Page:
Fundamentalist writes:

TGGP, I read Bryan's "Rational Ignorance vs Rational Irrationality" and found some merit in it. However, I object to the confusion his term "rational irrationality" causes. It's an oxymoron. He thinks that people go against their better judgment and knowledge because the pay-off is better in the short run. He has to come to that conclusion because he's trying to explain behavior in purely economic terms. You might say that by such an attempt Bryan is being "rationally irrational."

Public Relations research does a much better job of explaining why people behave the way they do. For one, PR research shows that most people don't care about the truth, they choose what they want to be true for emotional reasons first, then they search for a rationale for that decision, and just about any position on any subject can be rationalized. For another, some people don't trust themselves to decide important issue, so they rely on authorities to tell them what to do. Finally, the facts are often clear in hindsight, but usually in dispute and sparce at the time decisions must be made.

Why do the majority of university professors continue to support socialism after a century of its failure being demonstrated? Probably, as Thomas Sowell points out in his book A Conflict of Visions, it's because they place a greater value on something other than economic success, which is what they perceive as the moral superiority of socialism. That's why intelligent people like Danny Glover and Michael Moore can love Castor and Chavez. They can see the poverty of both countries; they don't care. They value the equality of poverty more.

Bryan should pay more attention to marginal utility theory, because just as prices are determined by subjective valuation, so are decisions in science, religion and politics. What may seem irrational to Bryan may be nothing more than a difference in value systems.

TGGP writes:

Fundamentalist, are you sure you read the paper? Because it doesn't sound like you did. "Rational irrationality" is not an oxymoron. The first word in the phrase refers to the meta-rationality of that behavior in terms of the utility they derive from holding certain beliefs. The second word in the phrase refers to them not behaving like Bayesians because of those "preferences over beliefs". What do you mean by "purely economic terms"? Ever since Gary Becker "economic imperialism" has been used to examine all sorts of behavior. Utility theory can accommodate all sorts of things that might not have previously been considered part of "economics". You will also have to elaborate why you think Bryan is being "rationally irrational".

Your point about Public Relations does not seem at all at odds with what Caplan says. It actually seems to support it.

Do the majority of university professors actually support socialism? You will have to cite some poll numbers. I would agree that pretty much the only places you can find doctrinaire believers in Marxism these days in the First World are on campuses. Most people don't know what Marxism, liberalism, conservatism, libertarianism and so on actually mean (see Philip Converse). There are a lot of "folk marxists" or "folk socialists" among the uneducated though, which we usually refer to as "populists".

Caplan has already answered the objection that it's all just opinion so discussion of "irrationality" has no place. He establishes that people have systematically biased beliefs about objective facts (like budgets and economic statistics). He shows that people claim they would support other policies if they believed different things about such objective facts (for example, minimum wage and unemployment). He came up with his "enlightened public" to represent people who have the same circumstances and ideology as the general public but were more knowledgeable to meet that sort of objection. They think like economists.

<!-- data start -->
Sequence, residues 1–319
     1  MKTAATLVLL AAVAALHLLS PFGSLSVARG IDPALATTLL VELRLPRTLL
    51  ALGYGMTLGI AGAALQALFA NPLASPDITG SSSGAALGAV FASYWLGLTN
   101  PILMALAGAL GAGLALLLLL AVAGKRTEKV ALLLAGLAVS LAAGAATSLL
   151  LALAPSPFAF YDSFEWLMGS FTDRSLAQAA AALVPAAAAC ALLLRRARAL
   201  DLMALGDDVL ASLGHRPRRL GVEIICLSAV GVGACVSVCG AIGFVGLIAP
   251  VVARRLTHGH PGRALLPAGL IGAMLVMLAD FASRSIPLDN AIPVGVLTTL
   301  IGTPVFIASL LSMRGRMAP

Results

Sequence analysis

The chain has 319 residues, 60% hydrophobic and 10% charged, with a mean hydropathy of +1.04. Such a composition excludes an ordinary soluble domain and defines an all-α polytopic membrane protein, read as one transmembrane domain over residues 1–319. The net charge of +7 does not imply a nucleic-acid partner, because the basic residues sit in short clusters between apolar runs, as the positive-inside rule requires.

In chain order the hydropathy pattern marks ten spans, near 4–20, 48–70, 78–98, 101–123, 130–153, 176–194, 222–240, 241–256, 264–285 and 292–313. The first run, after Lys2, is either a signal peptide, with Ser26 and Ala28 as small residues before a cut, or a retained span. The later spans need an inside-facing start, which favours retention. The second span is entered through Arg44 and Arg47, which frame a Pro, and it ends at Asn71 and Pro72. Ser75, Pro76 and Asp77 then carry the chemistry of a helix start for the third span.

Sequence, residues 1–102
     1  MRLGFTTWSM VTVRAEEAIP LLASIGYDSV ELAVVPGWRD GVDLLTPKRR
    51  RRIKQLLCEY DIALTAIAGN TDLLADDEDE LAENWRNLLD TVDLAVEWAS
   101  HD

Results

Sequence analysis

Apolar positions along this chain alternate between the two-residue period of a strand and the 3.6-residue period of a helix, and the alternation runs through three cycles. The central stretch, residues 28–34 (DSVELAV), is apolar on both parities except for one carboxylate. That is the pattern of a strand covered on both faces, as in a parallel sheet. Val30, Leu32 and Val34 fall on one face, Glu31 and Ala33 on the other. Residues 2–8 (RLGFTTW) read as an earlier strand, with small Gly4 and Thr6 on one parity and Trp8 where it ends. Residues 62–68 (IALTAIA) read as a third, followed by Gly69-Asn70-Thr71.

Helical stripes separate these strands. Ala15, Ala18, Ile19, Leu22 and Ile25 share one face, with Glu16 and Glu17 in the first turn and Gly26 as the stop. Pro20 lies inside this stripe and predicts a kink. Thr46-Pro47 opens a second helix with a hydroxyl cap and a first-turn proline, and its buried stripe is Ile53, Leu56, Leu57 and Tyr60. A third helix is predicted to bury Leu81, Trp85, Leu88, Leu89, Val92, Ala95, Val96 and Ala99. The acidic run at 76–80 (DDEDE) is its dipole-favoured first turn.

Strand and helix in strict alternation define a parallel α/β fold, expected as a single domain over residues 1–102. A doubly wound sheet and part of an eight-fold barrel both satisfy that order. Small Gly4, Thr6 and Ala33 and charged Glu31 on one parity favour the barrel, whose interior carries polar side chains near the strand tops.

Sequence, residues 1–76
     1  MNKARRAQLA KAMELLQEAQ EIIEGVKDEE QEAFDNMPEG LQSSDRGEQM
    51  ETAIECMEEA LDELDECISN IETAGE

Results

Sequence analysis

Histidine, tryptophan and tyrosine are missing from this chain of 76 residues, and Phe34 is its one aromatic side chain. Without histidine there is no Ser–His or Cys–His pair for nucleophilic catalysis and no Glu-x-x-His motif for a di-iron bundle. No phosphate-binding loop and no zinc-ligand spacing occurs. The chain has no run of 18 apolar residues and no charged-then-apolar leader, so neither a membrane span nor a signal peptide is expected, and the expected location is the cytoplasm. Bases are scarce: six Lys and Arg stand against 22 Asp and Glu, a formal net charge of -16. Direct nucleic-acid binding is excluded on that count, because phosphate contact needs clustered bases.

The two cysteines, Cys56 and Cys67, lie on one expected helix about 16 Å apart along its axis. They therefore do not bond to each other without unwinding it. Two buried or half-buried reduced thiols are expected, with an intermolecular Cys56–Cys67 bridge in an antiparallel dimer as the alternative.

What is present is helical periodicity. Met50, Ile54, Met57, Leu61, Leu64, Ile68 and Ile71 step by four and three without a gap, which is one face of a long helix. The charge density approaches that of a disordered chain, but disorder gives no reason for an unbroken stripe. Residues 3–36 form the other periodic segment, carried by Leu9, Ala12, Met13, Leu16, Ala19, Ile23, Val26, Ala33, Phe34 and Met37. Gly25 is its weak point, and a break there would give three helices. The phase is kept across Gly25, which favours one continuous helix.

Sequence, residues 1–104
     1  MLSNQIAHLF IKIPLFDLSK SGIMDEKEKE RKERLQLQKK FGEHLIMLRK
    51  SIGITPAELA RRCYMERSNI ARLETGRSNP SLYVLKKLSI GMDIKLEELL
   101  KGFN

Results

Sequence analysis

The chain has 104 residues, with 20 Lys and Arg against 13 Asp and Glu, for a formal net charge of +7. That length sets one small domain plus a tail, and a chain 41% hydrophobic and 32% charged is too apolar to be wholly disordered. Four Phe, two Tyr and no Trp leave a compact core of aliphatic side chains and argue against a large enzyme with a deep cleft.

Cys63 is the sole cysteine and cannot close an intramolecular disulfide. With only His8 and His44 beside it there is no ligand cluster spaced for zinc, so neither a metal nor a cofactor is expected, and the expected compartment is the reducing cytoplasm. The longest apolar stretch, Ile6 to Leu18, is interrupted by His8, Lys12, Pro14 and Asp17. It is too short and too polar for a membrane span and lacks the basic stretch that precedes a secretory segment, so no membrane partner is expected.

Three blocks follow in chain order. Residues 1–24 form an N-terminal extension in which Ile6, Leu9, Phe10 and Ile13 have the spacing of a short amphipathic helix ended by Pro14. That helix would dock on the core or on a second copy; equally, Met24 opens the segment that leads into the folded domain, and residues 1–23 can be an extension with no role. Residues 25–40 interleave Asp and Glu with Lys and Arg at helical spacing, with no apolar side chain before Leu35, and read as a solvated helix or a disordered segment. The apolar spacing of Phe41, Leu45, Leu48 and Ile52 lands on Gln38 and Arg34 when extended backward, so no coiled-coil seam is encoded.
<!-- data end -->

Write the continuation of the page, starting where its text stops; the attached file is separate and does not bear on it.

Fundamentalist writes:

TGGP, I can't cite any surveys on university professors regarding socialism, but several surveys show that something like 80% are Democrats, the socialist party. (Demos are socialists, Repubs are socialist-lite). Also, I constantly read articles by socialists who use the fact that more than 3/4 of university professors are socialist as evidence that socialists are smarter than conservatives. But here's an interesting quotation from Hayek's The Fatal Conceit (1988):

Indeed, the basic point of my argument - that morals, inlcuding, especially, our institutions of property, freedom and justice, are not a creation of man's reason but a distinct second endowment conferred on him by cultural evolution -runs counter to the main intellectual outlook of the twentieth century. The influence of rationalism has indeed been so profound and pervasive that, in general, the more intelligent an educated person is, the more likely he or she now is not only to be a rationalist, but also to hold socialist views (regardless of whether he or she is sufficiently doctrinal to attach to his or her views any label, including 'socialist'). The higher we climb up the ladder of intelligence, the more we talk with intellectuals, the more likely we are to encounter socialist convictions. Rationalists tend to be intelligent and intellectual; and intellegent intellectuals tend to be socialists.

...I suppose that I can claim to speak with some experience about this outlook because these rationalist views that I have been systematically examining and criticising now for so many years are those on which I, in common with most non-religious European thinkers of my generation, formed my own outlook in the early part of this century. At the time they appeared self-evident, and following them seemed the way to escape pernicious superstitions of all sorts. Having myself spent some time in struggling free from thos notions - indeed, discovering in the process that they themselves are superstitions - I can hardly intend personally some of my rather hars remarks...

One's initial surprise at finding that intelligent people tend to be socialists diminishes when one realises that, of course, intelligent people will tend to overvalue intelligence, and to suppose that we must owe all the advantages and opportunities that our civilisation offers to deliberate design rather than to following traditional rules, and likewise to suppose that we can, by exercising our reason, eliminate any remaining undesired features by still more intelligent reflection...

Comments for this entry have been closed
Return to top